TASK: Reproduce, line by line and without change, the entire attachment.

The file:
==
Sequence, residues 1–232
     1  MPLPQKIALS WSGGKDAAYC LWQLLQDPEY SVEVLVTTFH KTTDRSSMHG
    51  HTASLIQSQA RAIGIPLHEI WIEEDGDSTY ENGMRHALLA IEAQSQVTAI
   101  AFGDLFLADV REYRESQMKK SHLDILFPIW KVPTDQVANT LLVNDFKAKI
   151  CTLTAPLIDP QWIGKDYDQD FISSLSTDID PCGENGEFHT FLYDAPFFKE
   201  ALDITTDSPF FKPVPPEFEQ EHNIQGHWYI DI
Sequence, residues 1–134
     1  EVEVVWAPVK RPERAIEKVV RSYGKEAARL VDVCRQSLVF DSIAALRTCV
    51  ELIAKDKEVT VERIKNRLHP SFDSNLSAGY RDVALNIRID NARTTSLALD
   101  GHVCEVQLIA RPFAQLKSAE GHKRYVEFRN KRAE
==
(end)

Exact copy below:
Sequence, residues 1–232
     1  MPLPQKIALS WSGGKDAAYC LWQLLQDPEY SVEVLVTTFH KTTDRSSMHG
    51  HTASLIQSQA RAIGIPLHEI WIEEDGDSTY ENGMRHALLA IEAQSQVTAI
   101  AFGDLFLADV REYRESQMKK SHLDILFPIW KVPTDQVANT LLVNDFKAKI
   151  CTLTAPLIDP QWIGKDYDQD FISSLSTDID PCGENGEFHT FLYDAPFFKE
   201  ALDITTDSPF FKPVPPEFEQ EHNIQGHWYI DI
Sequence, residues 1–134
     1  EVEVVWAPVK RPERAIEKVV RSYGKEAARL VDVCRQSLVF DSIAALRTCV
    51  ELIAKDKEVT VERIKNRLHP SFDSNLSAGY RDVALNIRID NARTTSLALD
   101  GHVCEVQLIA RPFAQLKSAE GHKRYVEFRN KRAE